I made bread for Christmas Eve like I tend to do and finished the rest of my instant yeast and it made me wonder how people in the past used to make bread. Did they have yeast starters that they would pass around or was there somehow else that they made their bread. If you have read through my blog or Instagram you have seen that I have made quite a bit of bread. I have most of the major tools to make it but until now I have always used the instant yeast that you can buy at the store. So here is my story of falling down the rabbit hole of learning about how bread used to be made.
I started by using dear old google learning a lot of things about natural yeast. I’m not foreign to fermentation. Husband uses to make his own beer, we have made home made wine and I used to also make homemade water kefir, with water kefir crystals, which I love but haven’t been consistent enough in keeping alive and free of other contaminants. I’m bad at keeping it healthy and unlike sourdough it isn’t something you can just throw out and start over with what you have at home.
I learned that sourdough is actually easier on our digestive systems. The wild yeast and lactobacillus in the leaven neutralise the phytic acid as the bread proves through the acidification of the dough. This prevents the effects of the phytic acid and makes the bread easier for us to digest. These phytic acid molecules bind with other minerals, such as calcium, magnesium, iron and zinc, which make these important nutrients unavailable to us. Long slow fermentation of wheat can reduce phytates by up to 90%. This process means that it does take longer to make sourdough bread because the yeast and the bacteria take longer to break down the phylic acid BUT you end up with a bread that doesn’t make your belly wish you had never even looked at that delicious morsel of bread. Great thing is that you can even make a large batch of dough and keep it in your fridge only to cut some off and make fresh bread every morning OR you can make many different loafs at once.
Sourdough is made from the natural yeast that is all around us and in the grain itself. All you need is four and water and use your hands to mix the starter together. If you are in a hurry you can add a whole grain of some sort which will have more strains of yeast in it. I added just a teaspoon of wheat bran to the starter because I didn’t have any whole grain in the house and because I am all about seizing the day and not waiting because then it won’t happen because I have lost interest already I didn’t wait. I just used what I had on hand which was organic unbleached flour and organic wheat bran and water.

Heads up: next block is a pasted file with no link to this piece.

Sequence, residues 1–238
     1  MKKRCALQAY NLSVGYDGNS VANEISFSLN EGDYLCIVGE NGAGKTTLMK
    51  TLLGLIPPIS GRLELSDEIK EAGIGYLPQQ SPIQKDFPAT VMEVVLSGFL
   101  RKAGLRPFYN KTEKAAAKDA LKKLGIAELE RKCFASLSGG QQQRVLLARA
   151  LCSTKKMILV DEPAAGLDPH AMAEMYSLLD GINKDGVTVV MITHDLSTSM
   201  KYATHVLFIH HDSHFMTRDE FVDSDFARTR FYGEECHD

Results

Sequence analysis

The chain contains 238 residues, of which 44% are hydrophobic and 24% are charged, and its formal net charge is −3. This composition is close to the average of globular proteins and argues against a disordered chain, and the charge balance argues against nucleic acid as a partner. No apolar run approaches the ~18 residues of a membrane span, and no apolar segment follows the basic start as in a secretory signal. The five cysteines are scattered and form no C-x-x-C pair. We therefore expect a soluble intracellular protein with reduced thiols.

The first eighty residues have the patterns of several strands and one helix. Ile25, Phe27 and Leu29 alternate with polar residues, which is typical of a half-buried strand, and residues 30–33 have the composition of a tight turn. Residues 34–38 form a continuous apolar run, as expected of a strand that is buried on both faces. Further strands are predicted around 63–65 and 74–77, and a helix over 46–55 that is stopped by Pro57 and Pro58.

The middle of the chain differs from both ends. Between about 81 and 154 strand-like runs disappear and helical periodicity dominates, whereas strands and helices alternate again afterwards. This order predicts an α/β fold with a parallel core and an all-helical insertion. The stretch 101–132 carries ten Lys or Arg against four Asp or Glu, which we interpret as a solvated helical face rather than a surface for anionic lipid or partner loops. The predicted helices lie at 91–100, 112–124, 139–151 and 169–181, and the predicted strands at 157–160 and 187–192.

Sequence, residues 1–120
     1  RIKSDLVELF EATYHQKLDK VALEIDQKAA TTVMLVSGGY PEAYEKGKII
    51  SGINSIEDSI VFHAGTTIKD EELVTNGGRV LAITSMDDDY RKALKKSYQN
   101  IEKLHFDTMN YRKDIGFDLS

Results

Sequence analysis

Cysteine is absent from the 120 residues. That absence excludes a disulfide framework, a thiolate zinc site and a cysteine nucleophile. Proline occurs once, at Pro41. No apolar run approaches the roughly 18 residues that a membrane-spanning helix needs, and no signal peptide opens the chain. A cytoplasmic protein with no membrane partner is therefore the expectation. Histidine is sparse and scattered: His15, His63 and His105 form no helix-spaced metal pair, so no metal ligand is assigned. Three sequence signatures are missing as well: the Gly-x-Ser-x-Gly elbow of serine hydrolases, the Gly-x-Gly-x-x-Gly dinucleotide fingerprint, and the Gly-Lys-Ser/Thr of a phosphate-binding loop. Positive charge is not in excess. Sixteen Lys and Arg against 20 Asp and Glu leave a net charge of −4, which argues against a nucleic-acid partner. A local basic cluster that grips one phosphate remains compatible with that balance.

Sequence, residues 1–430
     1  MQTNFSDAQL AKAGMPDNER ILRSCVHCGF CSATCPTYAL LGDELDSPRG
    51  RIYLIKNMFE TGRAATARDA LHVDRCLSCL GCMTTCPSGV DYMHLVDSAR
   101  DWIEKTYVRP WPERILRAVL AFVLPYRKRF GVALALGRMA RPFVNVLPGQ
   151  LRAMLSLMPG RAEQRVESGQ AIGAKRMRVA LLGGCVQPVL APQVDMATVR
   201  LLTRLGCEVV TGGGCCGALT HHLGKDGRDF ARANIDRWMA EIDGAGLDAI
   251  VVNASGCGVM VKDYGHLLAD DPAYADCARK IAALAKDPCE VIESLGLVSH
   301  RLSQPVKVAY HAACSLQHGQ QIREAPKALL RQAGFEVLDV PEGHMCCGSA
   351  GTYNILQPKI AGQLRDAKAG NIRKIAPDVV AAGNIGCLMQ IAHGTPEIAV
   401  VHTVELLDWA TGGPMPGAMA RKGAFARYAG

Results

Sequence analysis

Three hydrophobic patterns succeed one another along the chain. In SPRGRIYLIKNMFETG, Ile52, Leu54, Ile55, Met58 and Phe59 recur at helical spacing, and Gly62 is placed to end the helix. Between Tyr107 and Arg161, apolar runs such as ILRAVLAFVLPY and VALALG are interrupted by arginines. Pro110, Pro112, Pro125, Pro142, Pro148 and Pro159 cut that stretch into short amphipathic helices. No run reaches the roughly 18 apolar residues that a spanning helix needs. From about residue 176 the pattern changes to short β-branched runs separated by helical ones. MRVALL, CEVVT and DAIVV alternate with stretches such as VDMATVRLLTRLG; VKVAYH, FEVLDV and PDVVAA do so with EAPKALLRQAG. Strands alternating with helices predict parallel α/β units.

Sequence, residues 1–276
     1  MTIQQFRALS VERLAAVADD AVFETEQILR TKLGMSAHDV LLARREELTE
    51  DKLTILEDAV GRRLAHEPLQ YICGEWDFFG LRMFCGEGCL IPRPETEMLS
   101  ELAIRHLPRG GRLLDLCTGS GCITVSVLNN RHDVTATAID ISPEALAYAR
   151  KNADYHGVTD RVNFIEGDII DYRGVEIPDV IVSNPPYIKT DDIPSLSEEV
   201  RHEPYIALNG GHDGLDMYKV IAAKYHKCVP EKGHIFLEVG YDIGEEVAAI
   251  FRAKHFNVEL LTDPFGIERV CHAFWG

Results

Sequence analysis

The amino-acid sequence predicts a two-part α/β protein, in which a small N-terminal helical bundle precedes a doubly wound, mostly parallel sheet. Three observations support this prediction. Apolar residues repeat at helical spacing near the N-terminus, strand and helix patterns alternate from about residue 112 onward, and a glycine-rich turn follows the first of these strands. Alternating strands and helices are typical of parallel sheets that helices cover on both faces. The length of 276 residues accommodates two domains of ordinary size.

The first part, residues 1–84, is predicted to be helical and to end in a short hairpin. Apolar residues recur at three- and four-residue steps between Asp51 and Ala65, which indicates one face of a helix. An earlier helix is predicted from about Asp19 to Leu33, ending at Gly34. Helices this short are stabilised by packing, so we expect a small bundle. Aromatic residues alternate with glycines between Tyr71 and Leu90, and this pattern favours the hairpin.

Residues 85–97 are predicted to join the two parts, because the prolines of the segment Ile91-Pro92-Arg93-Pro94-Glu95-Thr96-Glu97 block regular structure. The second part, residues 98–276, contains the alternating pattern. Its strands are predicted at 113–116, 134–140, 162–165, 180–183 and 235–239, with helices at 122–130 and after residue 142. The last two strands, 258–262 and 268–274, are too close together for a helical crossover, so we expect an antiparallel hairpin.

Here are the things you need to start your starter
1 glass or plastic container
2/3 cup water
one small ORGANIC apple grated with the skin but staying clear of the core.
The next day I fed it the exact same measurements BUT only white flour this time and water. Yep, fed it. Yeast is alive and hungry all the time. It needs to be fed and for sourdough you need to feed it white flour and water. It is recommended that you do this every day or two, throwing out half or using it in recipes that call for starter throw outs, until day 5 or 7, depending how warm your house is and if you had whole grains and used your hands or not. You are looking for a good bubble and nice active reaction within 2-3 hours of feeding, but like the instant gratification person I am I could only wait until day 4 to try it out the first time and it wasn’t showing much of a rise because of my cold house. I had nice bubbles going on in the started and all so we will see what happens. Update: the first bread was a dense flop and I threw it out. After 2 days I tried again and had a little better results but it wasn’t great. Both loaves where super heavy. Both the ugliest loaves of bread I have ever made.
We keep our house pretty cool during the winter because we have a pretty big house that is expensive to heat and so that our kids keep clothes on. Our 3 year old thought that pants were optional before winter hit and keeping the house cool makes him want to put pants on. Anyway, this makes for slow fermentation in our house. Because of our cool house my starter was having a really hard time getting going. I would get a few bubbles but no rise. I did some trouble shooting searching and they recommended a seed starting heating mat, which I already had in the garage and boom my starter took off like gangbusters.
When I had finally gotten the nice bubbly rise out of my starter on the mat I tried again and Boom! I got amazing bread with great rise. I am so glad that I stuck with it and kept trying and troubleshooting. Key is to have the starter in a warm place where it stays at least 70F otherwise starting from scratch is a bit difficult. I’m told that mature starters are a little hardier.
If you are not brave enough to make your own starter then here is one that Amazon will deliver to your door with instructions on how to keep it alive.
Anyway, sourdough starters can be used in so many recipes in stead of instant yeast. I look forward to the nutritious things I will be able to make for my family with this fun starter and it is very easy to put these guys to sleep. You can keep your starter in the fridge to slow down their rumbling tummies, but you still need to feed them once a week, OR you can dry some of your starter out and put in a Ziploc baggy and keep them in the freezer for a long while then start them up again by re-hydrating and feeding them. That I can get behind also starting a new one isn’t that hard if you end up sadly killing your first from starvation. Makes for a win-win science experiment in the kitchen.
Stay tuned for my concoctions made with this magic starter. I see a lot of fun in my future.